Thursday, December 4, 2014

Essay: Jacob Niedzwiecki on the future of artists and arts organizations, Part II

“Build no more fortresses, build railways.” Part II
by Jacob Niedzwiecki
(reprinted with permission)
Performance photos by Vish Hansa, featuring the cast of Jacqueries, Part 1

Live performance is now a premium product — or even more of one
We’re putting on live performances in the age of mechanical reproduction. When 'free' is the default price point, even a fringe show becomes a premium product. For indie organizations and companies that run close to their communities, this is only a small bump up the ladder. But organizations who were offering a premium product are now offering an elite product. They need a strategy to avoid creating a price umbrella. They need an affordable on-ramp for aspirational consumers and potential audience members. And they need to pay time and attention to social issues to keep their image positive. Cheap, high-reach activities like livestreams can help all types of organizations. Large organizations can use second companies or chamber groups as ‘flanker brands’, with the potential to negotiate contracts more amenable to reaching extramural audiences.

Market the pain points
The conversation that is taking place right now around fair compensation for musicians is highly visible and vital. Get into it. If you’re a company, stop complaining about your unions and start marketing the fact that you pay a living wage. You are sweatshop-free. You are cruelty-free. You are made of artists and they are not starving to death! This is an historic achievement, and it’s worth trumpeting.

You are made of artists
The evolution of unions / professional associations in North America has resulted in adversarial relationships with management. Of all sectors, arts organizations should be able to find common ground and common goals. If you’re an administrator or a union rep, and you’re not looking at how work structures in Germany, Japan, or parts of the U.S. help maintain flexibility and encourage mutual trust and collaboration between workers and management, please…buy a farm, raise some sheep — follow your passion, but quit your job, because you’re hurting us all.

Force projection and amphibious works
There is a small contemporary dance troupe from Australia that has more lifetime YouTube views than the National Ballet of Canada. This is an example of what military types would call 'force projection' — a large ensemble does not automatically translate into global influence. If you are creating work for live performance, you need to figure out how to project that work into an online environment in a way that maintains its creative integrity. Video trailers are the starting point, not the end; don’t try and use online to market the work locally. Try to make a compelling experience for an extramural audience, and use online tools to make sure it also reaches locals. The goal is creative works that can have a life in both environments — amphibious works.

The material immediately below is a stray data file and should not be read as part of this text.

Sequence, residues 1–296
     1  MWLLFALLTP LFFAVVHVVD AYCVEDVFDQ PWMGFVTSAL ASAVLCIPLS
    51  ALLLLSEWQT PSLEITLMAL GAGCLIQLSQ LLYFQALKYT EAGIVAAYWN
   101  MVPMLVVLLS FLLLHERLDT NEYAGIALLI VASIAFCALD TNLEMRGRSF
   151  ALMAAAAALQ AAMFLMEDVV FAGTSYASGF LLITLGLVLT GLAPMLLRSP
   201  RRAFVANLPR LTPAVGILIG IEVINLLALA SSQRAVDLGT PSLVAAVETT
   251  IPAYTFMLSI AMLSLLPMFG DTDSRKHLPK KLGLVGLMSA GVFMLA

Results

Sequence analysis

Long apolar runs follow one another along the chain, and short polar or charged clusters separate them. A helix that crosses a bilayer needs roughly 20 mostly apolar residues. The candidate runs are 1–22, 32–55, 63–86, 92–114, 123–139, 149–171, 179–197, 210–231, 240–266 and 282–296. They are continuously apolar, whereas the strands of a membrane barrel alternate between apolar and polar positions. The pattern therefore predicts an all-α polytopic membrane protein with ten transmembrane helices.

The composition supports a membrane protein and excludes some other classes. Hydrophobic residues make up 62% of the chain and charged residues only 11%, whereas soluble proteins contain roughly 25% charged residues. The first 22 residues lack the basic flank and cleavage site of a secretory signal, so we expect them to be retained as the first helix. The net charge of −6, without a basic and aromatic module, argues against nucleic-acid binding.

Force projection part II: long live the new flesh
The fastest way to success in Canada is to be successful somewhere else. Culturally, we trust external validation. Traditionally this meant touring, but work for extramural audiences can be a much more accessible route. For me, this meant moving sideways from performing into making dance films and interactive works, rather than focusing on live works right away. Video tours cheaply, lives happily online, and offers more opportunities to travel and connect with presenters and audiences.

Every live performance project in this city should answer the question, “Can our audience be bigger than the people in the room with us?” Sometimes the answer might be no, but if the answer is 'yes' or 'maybe' or 'probably, but how?' or 'absolutely, but how do we cover the costs?', that’s a win. I want to help those projects reach that extramural audience, and work harder on capacity building and knowledge sharing across the sector, making technical resources available to creators at all scales. F/ has some concrete programs to this end that are being announced soon. This is way more than livestreaming: this is planning for extramural audiences from the very beginning of the creative process. Maybe your play can also thrive online as a webseries. Maybe your dance work can be visually annotated for interactive viewing. Or maybe (as in the case of Jacqueries) your work can use that technology to provide an otherwise impossible live experience.

The parallel endeavour to projecting Toronto-based work in a tech-mediated form is to convene an audience for it. The artist RM Vaughan once released a series of buttons that said, “Please stop talking about New York.” New York’s legend as a hotbed and incubator for culture persists even as its actual influence and activity wanes. How about a very Canadian request: “Please start talking about Toronto?” I would love to assemble a cabal of curators, marketing & development professionals, and artists to figure out how to build a global extramural audience for this kind of amphibious work — works that can live both in the flesh and online.

Read Part I of this series
Read Part III of this series

No comments:

Post a Comment

Comments are moderated. Please read our guidelines for posting comments.